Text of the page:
When to Drop Collision Insurance Coverage on an Older Car

If you don’t pay close attention to your auto insurance premiums, deductibles and the replacement value of your car, there is a good chance you could be getting ripped off by your insurance company.

2017 auto collision insurance ratesA longtime reader of my personal finance blog recently posed this example which highlights what can happen when you’re still paying for “collision insurance” on a car with a very low replacement value.

Ben, I wonder if you would consider doing an article on insuring an old car.  I recently had a fender bender with my BMW which still looks and drives well.  The problem is the book value is $1300 and my deductible is $1,000.  It would cost $2,000 to get the car fixed, so the insurance company has totaled it.  The annual premium I paid is more than I would get back.

Unfortunately, this is an all too common scenario and one that is very profitable for insurance companies.

When buying a new car, most people pay for both “liability” insurance (which protects the driver from damage to other people’s property) and collision insurance (which covers the repair of the driver’s vehicle).

In the event your vehicle is damaged in some sort of accident where you were at fault, your insurance company would pay to have the car fixed or replaced minus your policy’s deductible.

As years go by, the insurance premiums for liability and collision insurance stay relatively the same (or go up in some cases) but the value of your car rapidly depreciates.  You may of bought your car for $15,000 three years ago, but there’s a good chance its worth less than $2,500 today.

This depreciation in your car’s value is important because it can make the “collision” component of your insurance policy obsolete.  In other words, your car is worth less than the combination of your policy’s deductible and monthly premiums.

In the case of the reader above, she was still paying her monthly premiums for both liability and collision insurance.  Ironically, the amount she paid annually for her “collision” insurance was more than what her car was worth.

Ideally she should have dropped collision insurance from her automobile policy and saved the difference in her emergency fund or car replacement fund.

This lack of parity between what you’re paying in premiums and the coverage you receive is one of the biggest profit components in an insurance company’s business model.  Don’t count on them to tell you when their opinion of your car’s value is less than what your deductible would be (let alone your annual premiums).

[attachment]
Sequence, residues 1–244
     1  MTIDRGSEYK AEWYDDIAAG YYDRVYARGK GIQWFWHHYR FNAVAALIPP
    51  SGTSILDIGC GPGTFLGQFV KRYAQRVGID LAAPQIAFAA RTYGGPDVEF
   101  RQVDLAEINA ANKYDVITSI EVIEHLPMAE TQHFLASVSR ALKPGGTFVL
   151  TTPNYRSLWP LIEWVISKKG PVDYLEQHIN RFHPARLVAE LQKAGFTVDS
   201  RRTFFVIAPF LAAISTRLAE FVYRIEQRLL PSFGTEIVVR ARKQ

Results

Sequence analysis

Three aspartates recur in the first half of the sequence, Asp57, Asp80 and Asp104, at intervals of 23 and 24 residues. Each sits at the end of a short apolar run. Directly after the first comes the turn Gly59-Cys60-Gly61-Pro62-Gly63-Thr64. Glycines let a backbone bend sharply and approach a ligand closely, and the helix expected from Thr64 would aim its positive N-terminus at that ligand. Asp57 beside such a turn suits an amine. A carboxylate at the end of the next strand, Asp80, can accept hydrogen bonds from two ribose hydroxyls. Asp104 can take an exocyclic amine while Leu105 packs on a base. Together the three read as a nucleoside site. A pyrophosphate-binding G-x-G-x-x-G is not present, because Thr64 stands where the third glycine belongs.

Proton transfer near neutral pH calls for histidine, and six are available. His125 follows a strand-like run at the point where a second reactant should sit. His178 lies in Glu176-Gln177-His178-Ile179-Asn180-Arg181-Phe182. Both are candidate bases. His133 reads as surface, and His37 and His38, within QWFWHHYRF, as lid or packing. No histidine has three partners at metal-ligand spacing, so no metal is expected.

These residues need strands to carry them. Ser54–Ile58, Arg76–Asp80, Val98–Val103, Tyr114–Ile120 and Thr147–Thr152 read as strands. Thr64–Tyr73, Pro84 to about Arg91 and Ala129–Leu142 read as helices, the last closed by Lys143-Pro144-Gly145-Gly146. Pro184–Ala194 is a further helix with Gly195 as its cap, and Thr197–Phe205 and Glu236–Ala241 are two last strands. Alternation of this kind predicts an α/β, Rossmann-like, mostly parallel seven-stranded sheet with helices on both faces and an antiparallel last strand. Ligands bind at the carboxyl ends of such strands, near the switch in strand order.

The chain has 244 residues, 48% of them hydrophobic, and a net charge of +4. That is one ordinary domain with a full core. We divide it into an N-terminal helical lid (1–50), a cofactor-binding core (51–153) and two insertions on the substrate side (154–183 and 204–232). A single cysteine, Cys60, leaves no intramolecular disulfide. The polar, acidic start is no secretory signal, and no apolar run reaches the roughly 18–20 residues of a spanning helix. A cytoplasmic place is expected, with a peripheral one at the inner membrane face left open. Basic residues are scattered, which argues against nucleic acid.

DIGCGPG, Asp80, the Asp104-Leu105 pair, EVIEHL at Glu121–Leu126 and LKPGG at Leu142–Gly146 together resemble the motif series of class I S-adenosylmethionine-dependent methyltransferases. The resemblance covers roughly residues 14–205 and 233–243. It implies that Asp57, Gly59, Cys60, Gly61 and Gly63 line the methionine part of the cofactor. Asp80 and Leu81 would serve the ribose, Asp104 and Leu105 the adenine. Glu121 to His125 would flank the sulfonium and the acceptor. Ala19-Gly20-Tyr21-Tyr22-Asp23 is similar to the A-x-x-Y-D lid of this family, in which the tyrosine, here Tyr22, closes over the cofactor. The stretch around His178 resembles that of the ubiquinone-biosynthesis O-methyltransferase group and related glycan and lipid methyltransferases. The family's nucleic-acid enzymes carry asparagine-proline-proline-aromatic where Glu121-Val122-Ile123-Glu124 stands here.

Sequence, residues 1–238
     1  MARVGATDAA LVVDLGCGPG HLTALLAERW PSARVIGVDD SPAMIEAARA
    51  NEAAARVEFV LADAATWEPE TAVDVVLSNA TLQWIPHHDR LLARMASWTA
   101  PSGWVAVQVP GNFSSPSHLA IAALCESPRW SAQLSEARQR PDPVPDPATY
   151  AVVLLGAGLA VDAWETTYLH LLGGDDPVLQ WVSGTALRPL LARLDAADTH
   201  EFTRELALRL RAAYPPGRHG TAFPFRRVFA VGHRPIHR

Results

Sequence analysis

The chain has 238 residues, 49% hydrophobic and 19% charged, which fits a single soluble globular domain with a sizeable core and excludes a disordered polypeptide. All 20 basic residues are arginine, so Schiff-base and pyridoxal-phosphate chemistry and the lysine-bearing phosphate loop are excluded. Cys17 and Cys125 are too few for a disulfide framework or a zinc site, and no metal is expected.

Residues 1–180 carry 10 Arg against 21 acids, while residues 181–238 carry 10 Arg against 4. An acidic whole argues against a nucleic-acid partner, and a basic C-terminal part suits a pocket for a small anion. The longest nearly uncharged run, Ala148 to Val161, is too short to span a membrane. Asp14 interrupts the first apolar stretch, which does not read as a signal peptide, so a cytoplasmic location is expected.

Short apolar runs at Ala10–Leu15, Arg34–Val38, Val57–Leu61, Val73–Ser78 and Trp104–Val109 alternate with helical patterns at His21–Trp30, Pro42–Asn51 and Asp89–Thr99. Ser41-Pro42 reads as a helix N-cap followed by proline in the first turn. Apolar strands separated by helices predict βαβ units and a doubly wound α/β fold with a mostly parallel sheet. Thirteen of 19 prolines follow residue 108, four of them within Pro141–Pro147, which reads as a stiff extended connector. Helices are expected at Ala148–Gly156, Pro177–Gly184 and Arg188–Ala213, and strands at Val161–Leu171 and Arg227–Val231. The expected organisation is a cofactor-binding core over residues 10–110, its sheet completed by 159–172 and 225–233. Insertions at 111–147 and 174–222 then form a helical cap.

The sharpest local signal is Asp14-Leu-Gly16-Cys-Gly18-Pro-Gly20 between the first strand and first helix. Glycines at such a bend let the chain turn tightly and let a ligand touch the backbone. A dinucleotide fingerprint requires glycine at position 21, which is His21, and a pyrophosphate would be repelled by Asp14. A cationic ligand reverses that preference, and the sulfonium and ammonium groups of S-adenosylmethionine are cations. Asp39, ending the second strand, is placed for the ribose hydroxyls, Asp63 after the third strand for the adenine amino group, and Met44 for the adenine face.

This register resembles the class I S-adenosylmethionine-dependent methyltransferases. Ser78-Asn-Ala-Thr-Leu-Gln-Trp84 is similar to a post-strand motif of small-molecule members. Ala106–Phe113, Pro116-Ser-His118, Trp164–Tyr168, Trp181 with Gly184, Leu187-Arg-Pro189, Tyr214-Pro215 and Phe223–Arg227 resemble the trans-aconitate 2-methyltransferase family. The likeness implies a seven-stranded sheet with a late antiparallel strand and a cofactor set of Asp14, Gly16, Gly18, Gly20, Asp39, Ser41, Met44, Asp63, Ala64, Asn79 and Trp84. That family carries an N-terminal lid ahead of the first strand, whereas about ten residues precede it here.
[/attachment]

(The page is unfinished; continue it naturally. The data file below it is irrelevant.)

Read more on disputing the insurance company’s settlement offer for your car’s replacement value.

Things to Consider Before Dropping Collision Insurance on Your Car Insurance

Before you drop collision or comprehensive insurance coverage from your automobile policy, there are a few things you need to consider.

First, you need to research what your car’s realistic replacement value is; not what the insurance company says your car’s worth, but what a fair replacement value is for your car in your area.

Second, you need to look at how much extra you’re paying per year on your automobile insurance policy for “collision” or “comprehensive” insurance.  Depending on your car, this may account for 50% or more of your total car insurance bill.

Third, you need to look at what you’re insurance deductible is for an at-fault collision claim.  Most car insurance deductibles are $1,000 but many people opt for the $500 deductible option.

Read more on choosing the right deductible amount for your auto insurance policy.

Rule of Thumb on When to Drop Collision Coverage

If your car’s replacement value is less than 3X the combined total of your insurance deductible and annual premium (collision component only) then you should really consider dropping collision insurance on your automobile.

Example:  Let’s say your car’s replacement value is $5,000.  If you’re deductible for an at-fault “collision” claim is $1,000, and you’re paying $1,000 extra per year for “collision” coverage, I recommend your drop collision insurance, IF, and this is a big if, you have an adequate amount of money saved in an emergency fund. ($1,000 + $1,000) X 3 = $6,000 = more than replacement value.

Caution:  If your car is financed through a bank or other financial institution, there is a good chance you’re actually required to keep “collision” insurance on the car.  This is weird I know, especially when you’re paying for something that has ABSOLUTELY no value for you.

For additional help on your specific situation, feel free to ask a question in the comment blocks below.  I’ll tell you what I would do if I were in your situation.

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One Response

  1. Delin Shen 1 year ago

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